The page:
If the bottom of your tree looked like a barren, giftless wasteland on Christmas morning, it’s likely due to a mix of bad winter weather and an influx of last-minute shoppers that needed presents shipped, according to both UPS and FedEx.
The situation seems entirely plausible as more and more American consumers do their shopping online for the holidays. This, of course, puts Amazon in an uncomfortable position, considering its usually excellent track record of getting its customers’ purchases to their doorstep in no more than two days.
To win back some goodwill, the company is refunding shipping charges and offering up a $20 gift card to those whose packages are tied up in shipping warehouses and didn’t arrive on time. That’s not much of a consolation to those who have loved ones visiting just long enough to spend Christmas Day together.
“Amazon fulfillment centers processed and tendered customer orders to delivery carriers on time for holiday delivery. We are reviewing the performance of the delivery carriers,” Amazon told VentureBeat in a statement.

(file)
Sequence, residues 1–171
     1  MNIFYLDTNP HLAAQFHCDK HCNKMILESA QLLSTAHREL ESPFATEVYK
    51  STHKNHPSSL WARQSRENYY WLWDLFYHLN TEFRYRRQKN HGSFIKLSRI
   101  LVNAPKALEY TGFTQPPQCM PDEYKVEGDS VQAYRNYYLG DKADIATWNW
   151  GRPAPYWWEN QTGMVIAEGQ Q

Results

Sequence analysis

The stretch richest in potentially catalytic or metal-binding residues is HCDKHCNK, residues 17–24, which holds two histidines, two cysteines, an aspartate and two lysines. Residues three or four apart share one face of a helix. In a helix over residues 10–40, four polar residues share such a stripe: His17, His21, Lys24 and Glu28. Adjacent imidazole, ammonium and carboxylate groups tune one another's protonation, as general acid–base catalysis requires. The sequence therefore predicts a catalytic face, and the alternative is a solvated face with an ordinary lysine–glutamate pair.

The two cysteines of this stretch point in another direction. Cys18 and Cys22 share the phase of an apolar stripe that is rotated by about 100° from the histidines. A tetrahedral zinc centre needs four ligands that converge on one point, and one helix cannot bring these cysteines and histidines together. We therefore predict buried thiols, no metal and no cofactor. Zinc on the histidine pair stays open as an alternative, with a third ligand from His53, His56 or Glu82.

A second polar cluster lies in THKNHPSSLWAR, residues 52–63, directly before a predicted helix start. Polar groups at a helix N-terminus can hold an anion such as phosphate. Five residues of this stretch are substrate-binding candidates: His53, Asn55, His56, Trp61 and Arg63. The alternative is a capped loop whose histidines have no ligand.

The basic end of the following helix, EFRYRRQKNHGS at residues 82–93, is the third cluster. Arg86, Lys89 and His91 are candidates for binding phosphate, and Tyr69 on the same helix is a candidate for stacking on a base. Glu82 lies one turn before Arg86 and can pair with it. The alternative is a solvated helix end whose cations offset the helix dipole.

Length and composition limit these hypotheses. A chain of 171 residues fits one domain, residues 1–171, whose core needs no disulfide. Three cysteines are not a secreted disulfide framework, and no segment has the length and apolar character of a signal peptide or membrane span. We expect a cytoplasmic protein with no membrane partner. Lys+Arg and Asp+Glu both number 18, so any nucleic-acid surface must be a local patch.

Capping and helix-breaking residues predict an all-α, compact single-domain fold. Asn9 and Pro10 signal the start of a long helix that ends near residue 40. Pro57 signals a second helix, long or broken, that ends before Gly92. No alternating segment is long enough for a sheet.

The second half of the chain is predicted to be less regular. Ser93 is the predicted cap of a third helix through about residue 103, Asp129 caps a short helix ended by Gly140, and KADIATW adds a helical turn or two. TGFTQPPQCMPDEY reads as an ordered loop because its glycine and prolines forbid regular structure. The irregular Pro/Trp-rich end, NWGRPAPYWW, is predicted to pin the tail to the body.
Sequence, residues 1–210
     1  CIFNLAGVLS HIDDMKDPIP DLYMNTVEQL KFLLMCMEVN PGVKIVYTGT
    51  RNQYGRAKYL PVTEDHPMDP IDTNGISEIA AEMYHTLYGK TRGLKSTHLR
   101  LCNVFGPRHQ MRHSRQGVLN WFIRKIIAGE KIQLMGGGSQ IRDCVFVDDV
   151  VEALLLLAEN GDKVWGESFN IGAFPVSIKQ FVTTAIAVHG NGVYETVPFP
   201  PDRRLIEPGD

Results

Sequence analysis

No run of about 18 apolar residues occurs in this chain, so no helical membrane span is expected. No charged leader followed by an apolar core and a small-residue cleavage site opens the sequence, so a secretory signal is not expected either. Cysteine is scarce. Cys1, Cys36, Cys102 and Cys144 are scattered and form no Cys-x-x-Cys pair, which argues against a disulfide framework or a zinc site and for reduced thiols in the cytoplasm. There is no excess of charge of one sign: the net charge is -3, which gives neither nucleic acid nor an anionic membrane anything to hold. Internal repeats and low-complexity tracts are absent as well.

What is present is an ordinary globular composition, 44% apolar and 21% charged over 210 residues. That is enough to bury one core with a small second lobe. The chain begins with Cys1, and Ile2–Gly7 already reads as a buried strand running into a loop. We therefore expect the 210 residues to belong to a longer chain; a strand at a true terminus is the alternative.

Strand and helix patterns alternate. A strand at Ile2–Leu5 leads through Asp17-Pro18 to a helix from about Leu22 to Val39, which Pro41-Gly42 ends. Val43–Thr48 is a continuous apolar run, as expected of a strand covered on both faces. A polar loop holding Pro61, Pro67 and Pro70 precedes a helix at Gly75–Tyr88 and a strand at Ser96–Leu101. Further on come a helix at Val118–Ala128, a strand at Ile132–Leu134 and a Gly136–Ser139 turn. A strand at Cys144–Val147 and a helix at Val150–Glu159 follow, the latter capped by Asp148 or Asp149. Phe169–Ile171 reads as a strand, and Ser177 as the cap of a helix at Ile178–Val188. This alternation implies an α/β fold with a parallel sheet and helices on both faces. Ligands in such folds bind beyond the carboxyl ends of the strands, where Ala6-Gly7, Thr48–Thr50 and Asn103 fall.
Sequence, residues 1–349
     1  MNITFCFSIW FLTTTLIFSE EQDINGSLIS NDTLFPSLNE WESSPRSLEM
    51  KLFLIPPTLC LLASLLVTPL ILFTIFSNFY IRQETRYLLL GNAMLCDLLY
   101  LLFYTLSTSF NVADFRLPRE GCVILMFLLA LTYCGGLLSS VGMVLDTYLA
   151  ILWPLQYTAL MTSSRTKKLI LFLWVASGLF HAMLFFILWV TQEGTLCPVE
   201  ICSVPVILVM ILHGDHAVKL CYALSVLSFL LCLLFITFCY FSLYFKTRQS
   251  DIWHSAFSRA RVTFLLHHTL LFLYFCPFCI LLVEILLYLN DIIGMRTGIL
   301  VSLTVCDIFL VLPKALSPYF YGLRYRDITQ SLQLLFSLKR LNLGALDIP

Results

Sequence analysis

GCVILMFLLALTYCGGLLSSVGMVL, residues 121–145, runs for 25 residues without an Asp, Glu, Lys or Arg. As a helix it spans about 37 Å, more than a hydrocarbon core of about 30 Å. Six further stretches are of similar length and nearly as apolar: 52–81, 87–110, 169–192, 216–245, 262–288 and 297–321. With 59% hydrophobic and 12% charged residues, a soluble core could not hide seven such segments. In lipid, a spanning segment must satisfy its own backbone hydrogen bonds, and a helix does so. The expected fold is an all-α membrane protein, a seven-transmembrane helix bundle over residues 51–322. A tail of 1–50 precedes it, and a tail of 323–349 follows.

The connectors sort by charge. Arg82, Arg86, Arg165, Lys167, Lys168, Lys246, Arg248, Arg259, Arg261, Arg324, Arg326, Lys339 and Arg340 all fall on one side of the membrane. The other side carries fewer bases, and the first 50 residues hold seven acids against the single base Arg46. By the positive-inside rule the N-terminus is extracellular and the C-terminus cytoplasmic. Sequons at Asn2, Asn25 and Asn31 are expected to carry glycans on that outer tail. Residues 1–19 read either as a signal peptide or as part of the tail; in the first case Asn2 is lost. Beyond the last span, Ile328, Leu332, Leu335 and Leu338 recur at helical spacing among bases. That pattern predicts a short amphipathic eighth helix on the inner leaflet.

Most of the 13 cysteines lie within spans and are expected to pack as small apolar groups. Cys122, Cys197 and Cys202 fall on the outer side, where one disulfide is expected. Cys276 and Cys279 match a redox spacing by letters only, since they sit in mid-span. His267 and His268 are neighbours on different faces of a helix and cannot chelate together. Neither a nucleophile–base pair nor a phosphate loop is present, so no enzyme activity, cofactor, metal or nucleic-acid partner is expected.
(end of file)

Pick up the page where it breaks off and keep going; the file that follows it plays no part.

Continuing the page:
UPS, on the other hand, said it decided not to force its drivers to brave the cold weather yesterday, leaving them instead to spend time with their own loved ones. (Good on you, UPS!) It did issue a statement this morning that indicated shipping schedules would return to normal as of today: “UPS experienced heavy holiday volume and is making every effort to get packages to their destination as quickly as possible. UPS has resumed normally scheduled service on Dec. 26.”
The unfortunate shipping delays further enforce Amazon’s desire to cut out the middle man and deliver packages on its own via personal delivery drones — although the technology (as well as approval by the FAA) is years away from coming to fruition.
Personally, I don’ think Santa and his Reindeer would mind having to share airspace with Amazon drones if it means people gets their packages on time.
VentureBeat is studying mobile marketing automation
, and we’ll share the data.